What Does NPK Mean?

You’ve certainly noticed these letters on the front of a box or bag of fertilizer

two bags of organic plant food
Pay attention to the NPK percentages on the plant food bag. Photo: Pro Build Garden Center under the Creative Commons Attribution License 2.0

Gardeners toss around the term “NPK” a lot. You’ve certainly noticed these letters on the front of a box or bag of fertilizer while in a garden center or nursery, right?

It doesn’t matter whether the fertilizer is organic or inorganic; the garden scientists like to measure certain key ingredients in these things—for good reason. Each letter is desirable in higher amounts depending on what kind of plant (lettuce or tomatoes?) you’re growing or which part of the life cycle the plant is in (growing, blooming, or fruiting?).

Here’s the short answer:

  • N stands for nitrogen. You probably knew that one. This nutrient is the leaf and stem developer, and adding nitrogen will get things growing fast. It’s always perfect for leafy veggies. After all, it’s the leafy part that we’re after in vegetables like cabbage, lettuce, Swiss chard, kale, etc.
  • P stands for phosphorus. This nutrient is valuable for developing flowers and fruit—plus, it helps roots take quickly to the soil around them. If you’re frustrated by lots of leaves and stems developing on your fruiting crops like pumpkin or tomatoes—but with nary a fruit in sight—you may need a boost of phosphorus.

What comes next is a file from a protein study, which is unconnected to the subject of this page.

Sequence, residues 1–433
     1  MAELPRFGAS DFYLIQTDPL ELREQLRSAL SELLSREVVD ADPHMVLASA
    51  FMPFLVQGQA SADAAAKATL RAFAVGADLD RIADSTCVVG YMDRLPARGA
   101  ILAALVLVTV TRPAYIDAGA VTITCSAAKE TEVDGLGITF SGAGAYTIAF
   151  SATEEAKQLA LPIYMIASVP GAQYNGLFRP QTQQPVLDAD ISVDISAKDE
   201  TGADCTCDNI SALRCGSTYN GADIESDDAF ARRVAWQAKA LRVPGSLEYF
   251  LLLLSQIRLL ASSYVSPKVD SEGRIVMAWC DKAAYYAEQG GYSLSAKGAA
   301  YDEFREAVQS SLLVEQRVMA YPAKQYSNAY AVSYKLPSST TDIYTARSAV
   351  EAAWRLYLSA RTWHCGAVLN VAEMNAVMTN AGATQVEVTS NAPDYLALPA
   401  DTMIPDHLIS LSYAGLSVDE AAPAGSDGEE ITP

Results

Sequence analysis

• K stands for potassium. Potassium promotes healthy root systems and helps the plants resist disease. It also works alongside the phosphorus in developing fruit. You’ll notice its importance if you’re growing root crops such as carrots or turnips.

One example of an organic fertilizer is blood meal. On the blood meal bag it’ll say “11-3-0,” which means there’s 11 percent nitrogen, 3 percent phosphorus, and zero potassium. The idea is to not only respond to what looks like a nutritional deficiency in your plants by adding the right nutrient, but to add them at the right time to prevent deficiencies and enhance healthy plant growth and food production. That’s good gardening right there.

So while the plant is actively growing, or if it’s a leafy veggie, you’ll want that first letter (“N”) to be a larger number than the other two numbers. When the plant begins to bloom, side-dress it with a fertilizer that has a higher middle letter (“P”). And it’s a good idea to add the last letter (K) potassium periodically for the general health of the plants.

If you want to get a little deeper, you can play scientist with an at-home soil test. You can measure not only the nutrients in your soil but the pH levels as well. It’s the perfect place to start. Still, for the price of a couple of cups of coffee, you can send a soil sample off to a soil-testing lab and you’ll get more juicy details. Just contact your local Cooperative Extension Office for a lab list.

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